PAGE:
In the week of 11/29 after returning from a relaxing break, I returned feeling very excited. During the evening of 11/30 I worked on my second progress presentation. In the second progress report, I wrote candidly about my struggles with having a clear understanding of my project and the end results. I wrote about the ways in which the project made me more disciplined. There were certain elements of the project that was to have been completed however due to timing it was not completed. Also on 11/30 I posted my first image rendition of Humans of New York photo. I interviewed a male friend of mine who is twenty-three years old. He was super excited to share his thoughts on loss. Earlier in the day, after my internship, I met him in China Town, New York where he interns. I took a photo of him from the back because he did not want to show his face. He did not feel comfortable with his face in the photo which is understandable. I took the photo and asked him to send me his quote via text on loss.
The quote: #1
“The worst kind of loss is the loss of time, because it’s constant and never ending, you won’t stop losing time until you die. This can drive one crazy as your goals becomes more immediate and crunched under the weight of time. Time lost also manifests itself in moments spent with others, it’s a little scary how long we can go without seeing someone or doing something and be instantly reminded of that once we see the person or participate in that activity again. Our memories remind us of how fast time flies and how if we don’t use it responsibly we can waste a lot of time, as time waits for no one.”#HumansofNewYork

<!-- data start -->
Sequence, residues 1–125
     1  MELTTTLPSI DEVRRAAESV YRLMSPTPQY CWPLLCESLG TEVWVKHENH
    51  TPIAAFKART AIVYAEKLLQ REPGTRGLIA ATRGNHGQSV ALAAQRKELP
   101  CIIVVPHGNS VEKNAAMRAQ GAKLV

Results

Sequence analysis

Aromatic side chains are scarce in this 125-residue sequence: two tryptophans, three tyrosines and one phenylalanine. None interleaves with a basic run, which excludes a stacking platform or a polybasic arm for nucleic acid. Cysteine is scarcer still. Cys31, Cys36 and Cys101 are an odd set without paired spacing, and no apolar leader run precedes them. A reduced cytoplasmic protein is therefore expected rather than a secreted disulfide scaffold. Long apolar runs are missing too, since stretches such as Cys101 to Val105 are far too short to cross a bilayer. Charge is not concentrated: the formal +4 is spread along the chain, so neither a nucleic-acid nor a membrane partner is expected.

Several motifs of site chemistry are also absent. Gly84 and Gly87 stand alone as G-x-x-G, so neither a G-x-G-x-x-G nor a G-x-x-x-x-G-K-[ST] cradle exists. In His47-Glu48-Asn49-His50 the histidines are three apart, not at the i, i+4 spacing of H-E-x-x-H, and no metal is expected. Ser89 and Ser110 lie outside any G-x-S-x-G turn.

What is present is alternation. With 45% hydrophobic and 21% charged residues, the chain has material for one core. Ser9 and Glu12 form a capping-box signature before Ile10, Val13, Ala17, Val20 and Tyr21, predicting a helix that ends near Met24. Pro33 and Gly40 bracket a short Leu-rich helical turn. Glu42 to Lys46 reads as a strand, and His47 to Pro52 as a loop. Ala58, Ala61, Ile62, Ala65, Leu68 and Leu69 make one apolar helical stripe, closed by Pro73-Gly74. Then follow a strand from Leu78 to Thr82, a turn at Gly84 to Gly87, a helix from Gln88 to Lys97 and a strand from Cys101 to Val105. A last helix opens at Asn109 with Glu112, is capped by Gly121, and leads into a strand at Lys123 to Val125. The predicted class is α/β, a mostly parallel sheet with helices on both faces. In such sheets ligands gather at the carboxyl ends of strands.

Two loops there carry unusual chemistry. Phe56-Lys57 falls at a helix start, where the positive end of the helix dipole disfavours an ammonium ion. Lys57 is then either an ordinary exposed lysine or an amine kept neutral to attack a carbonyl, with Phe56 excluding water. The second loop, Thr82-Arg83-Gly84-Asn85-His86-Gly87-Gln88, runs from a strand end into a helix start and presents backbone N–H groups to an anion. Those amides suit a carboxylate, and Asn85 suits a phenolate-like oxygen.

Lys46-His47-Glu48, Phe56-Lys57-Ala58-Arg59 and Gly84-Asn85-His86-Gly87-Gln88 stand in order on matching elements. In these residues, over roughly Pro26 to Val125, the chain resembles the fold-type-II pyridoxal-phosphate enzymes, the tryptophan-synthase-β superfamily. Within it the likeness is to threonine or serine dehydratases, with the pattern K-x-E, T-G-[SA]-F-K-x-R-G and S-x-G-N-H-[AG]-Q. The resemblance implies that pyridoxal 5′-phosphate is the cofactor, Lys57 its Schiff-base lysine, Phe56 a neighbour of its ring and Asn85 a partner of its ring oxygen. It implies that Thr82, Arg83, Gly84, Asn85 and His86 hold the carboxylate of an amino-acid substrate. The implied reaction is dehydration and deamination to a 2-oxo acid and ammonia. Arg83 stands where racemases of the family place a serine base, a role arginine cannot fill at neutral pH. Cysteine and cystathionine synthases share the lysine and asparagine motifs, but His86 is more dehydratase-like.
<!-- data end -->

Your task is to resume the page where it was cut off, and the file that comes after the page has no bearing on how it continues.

This photo was shared via these four social media platforms Facebook, Twitter, Instagram, and Black Attire Aficionado. I posted the image and the quote from participant #1 along with the hashtag (#HumansofNewYork). The response was surprising. For the first few moments when I shared the photo via Instagram which was shared to Facebook, there was no response. I was worried that no one would interact with the image which would make my project unsuccessful. Within the next hour my photo received likes on both platforms. The photo via Instagram received 11 likes and 3 comments. Three instagrammers participated in the conversation. Many found the quote on loss to be “powerful”. I did not engage with any of the commenters because Brendan Stanton does not engage with users, it is one of the strategies I listed in my Humans of New York Best Practices, which will be shared on my ePortfolio site on 12/15. I found the photo shared on Instagram to be successful because it received likes and users engaged with the photo. On the platform Facebook, I received 9 likes within a matter of minutes. There was no user engagement on this platform. I did not find this very successful because I have over 700 Facebook friends and was quite surprised by the lack of response. On Twitter, I took a different approach to sharing the image. I posted the image with a short sentence from the quote and linked it to my personal blog Black Attire Aficionado using Bitly and the hashtag #HONY so that anyone searching the hashtag would see the tweet. The photo shared via Twitter, received over 100 impressions(the amount of times people saw the tweet on Twitter), and received over 10 user engagements such as clicking the link, the hashtag and the media(the photo). I would say that the image was successful to some degree because over 100 people saw it but no one engaged. I screenshot these findings and posted it to my blogpost Coming to Grips: Projection Reflection-Round 2. The following day I met with professor Belli to discuss the progress of my project, I received feedback to revisit my proposed timeline where I did not complete the deliverables. Also, I was advised to write my best practices on the blog Humans of New York. Later that evening I reworked my blog post but for some reason it was not updated. I did not find this out until 12/3 after I presented my Prezi presentation. Also after my presentation, I received feedback from my class that was very positive. In the feedback, I was told that the project had a clearer understanding than before. Samantha mentioned that she would have a prospect for me because I was unable to find someone to share their story on loss.